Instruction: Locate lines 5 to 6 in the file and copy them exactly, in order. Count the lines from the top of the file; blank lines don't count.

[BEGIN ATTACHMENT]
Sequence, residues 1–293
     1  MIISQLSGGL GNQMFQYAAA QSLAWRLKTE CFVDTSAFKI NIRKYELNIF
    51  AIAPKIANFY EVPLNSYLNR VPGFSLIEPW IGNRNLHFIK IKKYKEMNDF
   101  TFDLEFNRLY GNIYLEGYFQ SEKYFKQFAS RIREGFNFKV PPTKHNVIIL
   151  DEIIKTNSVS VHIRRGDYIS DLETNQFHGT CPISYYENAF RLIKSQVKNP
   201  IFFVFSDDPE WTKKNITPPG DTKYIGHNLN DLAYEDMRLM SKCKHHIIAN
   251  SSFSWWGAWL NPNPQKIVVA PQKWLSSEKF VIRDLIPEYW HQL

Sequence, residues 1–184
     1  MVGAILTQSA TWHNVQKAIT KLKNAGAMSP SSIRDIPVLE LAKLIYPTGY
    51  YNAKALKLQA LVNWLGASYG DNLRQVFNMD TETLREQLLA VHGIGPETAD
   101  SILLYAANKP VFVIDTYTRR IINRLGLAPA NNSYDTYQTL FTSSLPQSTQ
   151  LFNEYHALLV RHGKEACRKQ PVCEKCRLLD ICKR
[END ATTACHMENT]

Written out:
   151  DEIIKTNSVS VHIRRGDYIS DLETNQFHGT CPISYYENAF RLIKSQVKNP
   201  IFFVFSDDPE WTKKNITPPG DTKYIGHNLN DLAYEDMRLM SKCKHHIIAN